He was President of Massachusetts Congress in 1774. He was commissioned Major General in 1775. Was initiated in St. Andre’s Lodge in Boston on September 30, 1761; passed November 2.
The exact date of his raising is unknown. He was Master of his lodge in 1769 and in the same year received from the Earl of Dalhousie, Grand Master of Masons in Scotland, a commission dated March 3, 1772, bearing the date of May 30, 1769, appointing him Grand Master of Masons in Boston and within one hundred miles of the same.
Later, he received a Commission dated March 3, 1772, issued by the Earl of Dufries, then Grand Master of Masons in Scotland, extending his jurisdiction over the continent of America. When Elbridge Gerry warned him against unduly exposing himself at Bunker Hill, he exclaimed,
“I know that I may fall, but where is the man who does not think that it is glorious to die for his country?”
John Paul Jones
Founder of the American Navy and was a famous sea fighter.
He was born on July 6, 1747. Admiral John Paul Jones was the first officer commissioned in the American Navy. He was the first to command a war vessel. He was the first to run up the American flag over a war vessel, the Alfred, in 1775.
The first and only naval officer named in the Act of Congress for creating the new flag, the Stars and Stripes.
The first to propose and receive a salute to the Stars and Stripes from a foreign nation, France; first to make a British “man’ o’ war” strike its colors and surrender to the Stars and Stripes, and the first naval officer to receive a note of thanks from Congress.
John Paul Jones received his E. A. Degree in ST. Bernard’s Kilwinning Lodge No. 122, Kirkcudbright, St. Mary’s Island, Scotland on November 17, 1770.
It is reported that he took his F. C. Degree and M. M. Degree in the Royal White Hart Lodge at Halifax, North Carolina
General David Wooster
He was born in 1710. He died in 1777.
He was one of the originators of the attack of Fort Ticonderoga. It was captured, and destroyed, in 1775. He became Master of Hiram Lodge in Connecticut in 1750.
General Nicholas Herkimer
He was born in 1717. He died in 1777. He took part in many battles of the war. He died because of wounds received at Oriskany. Was a member of St. Patrick’s Lodge in New York.
Nathan Hale was a Mason before he was twenty-one years old.
General Hugh Mercer
He was born in Scotland 1721. He died from wounds received at Princeton in 1777. He was a brave, resourceful officer.
He was a member of Fredericksburg Lodge No. 4, in Virginia, the lodge in which George Washington was made a Mason.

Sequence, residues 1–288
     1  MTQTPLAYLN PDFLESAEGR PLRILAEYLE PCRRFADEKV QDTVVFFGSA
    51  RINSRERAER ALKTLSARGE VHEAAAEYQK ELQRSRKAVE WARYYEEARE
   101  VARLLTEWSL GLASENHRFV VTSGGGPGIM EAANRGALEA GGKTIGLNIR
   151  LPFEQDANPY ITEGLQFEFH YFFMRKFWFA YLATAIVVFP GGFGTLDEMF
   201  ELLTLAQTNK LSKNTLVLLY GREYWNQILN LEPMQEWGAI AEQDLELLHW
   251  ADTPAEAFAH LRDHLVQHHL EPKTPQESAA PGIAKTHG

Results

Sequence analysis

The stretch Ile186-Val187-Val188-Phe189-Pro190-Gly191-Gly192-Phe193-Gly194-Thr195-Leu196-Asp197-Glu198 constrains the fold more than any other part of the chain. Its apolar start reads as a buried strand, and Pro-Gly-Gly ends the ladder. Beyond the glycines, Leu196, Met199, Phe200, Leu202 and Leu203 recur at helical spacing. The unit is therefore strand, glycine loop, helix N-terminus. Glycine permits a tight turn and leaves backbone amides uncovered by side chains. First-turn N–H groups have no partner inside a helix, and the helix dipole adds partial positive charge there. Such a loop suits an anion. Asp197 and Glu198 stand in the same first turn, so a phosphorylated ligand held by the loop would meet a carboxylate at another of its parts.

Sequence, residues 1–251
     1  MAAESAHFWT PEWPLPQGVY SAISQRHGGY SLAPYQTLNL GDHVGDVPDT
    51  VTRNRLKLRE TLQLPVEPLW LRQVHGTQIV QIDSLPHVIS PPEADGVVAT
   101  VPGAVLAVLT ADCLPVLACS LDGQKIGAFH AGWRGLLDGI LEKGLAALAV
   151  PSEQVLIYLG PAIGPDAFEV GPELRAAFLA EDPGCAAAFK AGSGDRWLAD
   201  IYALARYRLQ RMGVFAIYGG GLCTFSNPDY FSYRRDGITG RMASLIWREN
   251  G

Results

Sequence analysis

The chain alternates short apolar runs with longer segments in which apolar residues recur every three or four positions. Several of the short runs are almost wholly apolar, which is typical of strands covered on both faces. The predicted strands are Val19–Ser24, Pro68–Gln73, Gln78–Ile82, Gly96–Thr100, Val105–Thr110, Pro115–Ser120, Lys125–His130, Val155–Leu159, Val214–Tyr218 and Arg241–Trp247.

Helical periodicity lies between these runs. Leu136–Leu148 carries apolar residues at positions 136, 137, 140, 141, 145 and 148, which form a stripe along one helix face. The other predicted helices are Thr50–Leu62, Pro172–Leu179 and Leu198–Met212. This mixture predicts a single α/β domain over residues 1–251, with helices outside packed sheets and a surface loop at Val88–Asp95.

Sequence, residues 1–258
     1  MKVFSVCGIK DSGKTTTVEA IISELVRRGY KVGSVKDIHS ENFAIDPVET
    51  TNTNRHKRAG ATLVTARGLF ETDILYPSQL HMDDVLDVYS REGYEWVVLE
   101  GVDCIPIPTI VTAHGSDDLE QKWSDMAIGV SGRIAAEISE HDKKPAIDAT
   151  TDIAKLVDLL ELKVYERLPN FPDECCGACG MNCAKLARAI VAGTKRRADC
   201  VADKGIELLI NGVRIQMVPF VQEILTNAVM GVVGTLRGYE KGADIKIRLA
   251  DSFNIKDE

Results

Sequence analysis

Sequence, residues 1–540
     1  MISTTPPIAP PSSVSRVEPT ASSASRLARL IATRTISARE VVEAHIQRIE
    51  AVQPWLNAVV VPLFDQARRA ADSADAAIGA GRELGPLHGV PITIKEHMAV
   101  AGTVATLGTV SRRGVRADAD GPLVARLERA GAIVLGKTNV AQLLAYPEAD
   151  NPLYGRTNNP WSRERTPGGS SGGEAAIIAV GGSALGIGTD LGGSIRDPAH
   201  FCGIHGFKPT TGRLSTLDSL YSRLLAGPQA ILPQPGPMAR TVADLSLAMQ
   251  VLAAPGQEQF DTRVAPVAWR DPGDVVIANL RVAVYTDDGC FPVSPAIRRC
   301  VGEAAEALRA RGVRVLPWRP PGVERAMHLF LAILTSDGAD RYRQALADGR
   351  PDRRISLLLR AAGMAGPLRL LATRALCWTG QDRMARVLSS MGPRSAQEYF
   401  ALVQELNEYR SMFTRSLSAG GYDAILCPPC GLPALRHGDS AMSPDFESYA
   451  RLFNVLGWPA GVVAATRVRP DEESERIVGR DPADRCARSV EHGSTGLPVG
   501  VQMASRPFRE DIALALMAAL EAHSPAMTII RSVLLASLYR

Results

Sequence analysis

General William Whipple
Born in 1730. Died in 1785. He was a signer of the Declaration of Independence. He was a member of St. John’s Lodge No. 1, Portsmouth, New Hampshire.
Born 1737. Died 1793. He was the first signer of the Declaration of Independence. On his statue in the Capitol are these words:
“He wrote his name where all nations should behold it and time should not erase it.”
He was President of the Continental Congress from 1775 until 1777. He was the first Governor of MA. He was a member of St. Andrew’s Lodge in Boston and became Grand Master of Masons in MA.
General John P.G Muhlenberg
Born in 1746. Died 1807.
Entered Lutheran Ministry. In early days of Revolution, after impassioned pleas to his parishioners to rebel against Great Britain, suddenly threw aside his clerical robes, stepped forth in the uniform of a Virginia Colonel, and recruited 300 men on the spot. He was with Washington at Brandywine, Monmouth, Stony Point and Yorktown.
He was a Mason but details are unknown.
Born in France, 1750. Died in 1831. He was a great merchant, great philanthropist and a great Mason.
He had a most romantic career. He was an enthusiastic supporter of the Revolutionary cause.
He was made a Mason in 1788. He held membership in Union Blue Lodge No. 8, in Charleston, S.C.
The Andre Medal
This is the only decoration given by the United States Government before the Civil War, and was created by Congress in 1780.
It was given to three privates of the New York Militia: John Paulding, David Williams, and Isaac van Wort.
These three men intercepted and captured Major John Andre, Adjutant General of the British Army on his return from the American lines whereby the dangerous and traitorous conspiracy of Benedict Arnold was brought to light.